Director-choreographer Casey Nicholaw doesn’t flinch at the suggestion of a “Signature Nicholaw Moment.” He understands the reference: an inside joke–laden medley culminating in an Elizabethan kick line (Something Rotten!), a Genie making literal sparks fly between cartwheels (Aladdin), a bedazzled group of tap-dancing missionaries (The Book of Mormon)—each moment known to bring audiences to their feet mid-show.
Nicholaw’s latest Broadway venture, the musical adaptation of Mean Girls, is not as inherently flashy. Spectacle makes way for the calculated world of high school, where a tap routine can make you an outcast. Not that Nicholaw’s flair is absent: “There are places where people go, ‘Oh, that is so you,’” he says before rehearsal begins for the day. “But it isn’t a ten-minute ‘pull all the stops out’ moment.”
Instead, Nicholaw points to a moment in the second act featuring Regina George (played by Taylor Louderman), as she contemplates revenge following her ouster from The Plastics clique by new girl Cady (Erika Henningsen). It’s the first tableau Nicholaw envisioned when approached for the project. “I knew exactly what to do with that moment, and that informed the set… it really informed a lot of it.”
The set comes to life mainly through Finn Ross and Adam Young’s video design, including pages from Regina’s iconic Burn Book that greet the audience as they first enter the theatre. Nicholaw admits to questioning whether he wanted to implement the increasingly common device, but ultimately determined it also accommodates the fast-paced structure created by Tina Fey, the 2004 film’s screenwriter who makes her Broadway debut as the show’s bookwriter. As the libretto shifts from school to mall to bedroom, projections set the scene quickly—as do actors moving their own set pieces.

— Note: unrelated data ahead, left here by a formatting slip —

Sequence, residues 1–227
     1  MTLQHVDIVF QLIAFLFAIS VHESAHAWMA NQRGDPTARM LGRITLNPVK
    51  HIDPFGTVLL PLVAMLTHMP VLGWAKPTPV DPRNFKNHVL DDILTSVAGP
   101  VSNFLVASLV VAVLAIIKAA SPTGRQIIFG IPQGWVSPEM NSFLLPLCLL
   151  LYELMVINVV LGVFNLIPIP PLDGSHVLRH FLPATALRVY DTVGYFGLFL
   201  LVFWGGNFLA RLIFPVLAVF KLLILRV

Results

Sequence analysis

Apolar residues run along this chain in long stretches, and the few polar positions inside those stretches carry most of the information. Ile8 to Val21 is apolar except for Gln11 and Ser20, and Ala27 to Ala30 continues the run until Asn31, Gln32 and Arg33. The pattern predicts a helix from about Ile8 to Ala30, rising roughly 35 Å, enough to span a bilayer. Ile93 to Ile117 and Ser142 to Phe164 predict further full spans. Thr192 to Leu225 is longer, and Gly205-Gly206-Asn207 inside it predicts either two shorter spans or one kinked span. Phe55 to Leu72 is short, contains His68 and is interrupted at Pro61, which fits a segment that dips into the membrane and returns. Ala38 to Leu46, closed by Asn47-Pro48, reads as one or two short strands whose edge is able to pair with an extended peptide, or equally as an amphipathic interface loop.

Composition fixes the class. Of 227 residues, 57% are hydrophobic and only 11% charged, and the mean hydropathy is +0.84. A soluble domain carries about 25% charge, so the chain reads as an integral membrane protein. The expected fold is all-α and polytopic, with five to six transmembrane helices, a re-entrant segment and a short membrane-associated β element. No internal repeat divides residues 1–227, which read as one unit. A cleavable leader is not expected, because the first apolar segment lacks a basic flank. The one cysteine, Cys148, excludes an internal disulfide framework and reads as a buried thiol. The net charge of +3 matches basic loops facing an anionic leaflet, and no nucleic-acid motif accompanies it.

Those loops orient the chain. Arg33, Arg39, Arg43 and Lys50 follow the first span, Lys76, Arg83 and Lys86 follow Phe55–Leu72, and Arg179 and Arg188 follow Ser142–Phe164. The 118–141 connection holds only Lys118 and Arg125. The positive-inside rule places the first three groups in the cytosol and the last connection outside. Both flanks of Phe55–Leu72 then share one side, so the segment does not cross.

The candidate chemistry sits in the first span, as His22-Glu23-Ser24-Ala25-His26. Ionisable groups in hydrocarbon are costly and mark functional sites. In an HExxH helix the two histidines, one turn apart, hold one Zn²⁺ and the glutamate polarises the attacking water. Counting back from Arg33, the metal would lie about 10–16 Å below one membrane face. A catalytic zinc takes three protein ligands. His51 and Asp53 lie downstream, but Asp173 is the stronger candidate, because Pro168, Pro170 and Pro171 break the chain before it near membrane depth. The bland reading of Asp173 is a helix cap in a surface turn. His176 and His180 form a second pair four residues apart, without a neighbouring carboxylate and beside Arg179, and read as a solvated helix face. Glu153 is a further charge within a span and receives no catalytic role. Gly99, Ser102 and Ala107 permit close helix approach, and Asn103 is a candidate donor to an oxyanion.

Fortunately, he has a cast willing to add “door catching” to their special skills (sand-wiched between “lunch tray choreography” and “trust falls”). With the exception of two adults, the entire principal company portrays high schoolers. Most are in their 20s and early 30s; Nicholaw finds that’s necessary to ensure the stamina and musical comedy chops to carry a show.
“What I look for in people is their youth-fulness, no matter what their age,” he says. “I find myself a kid anyway.”
That mutual energy permeates the rehearsal room, which begins to feel and sound more and more like a high school hallway as the cast assembles. Perhaps with less drama.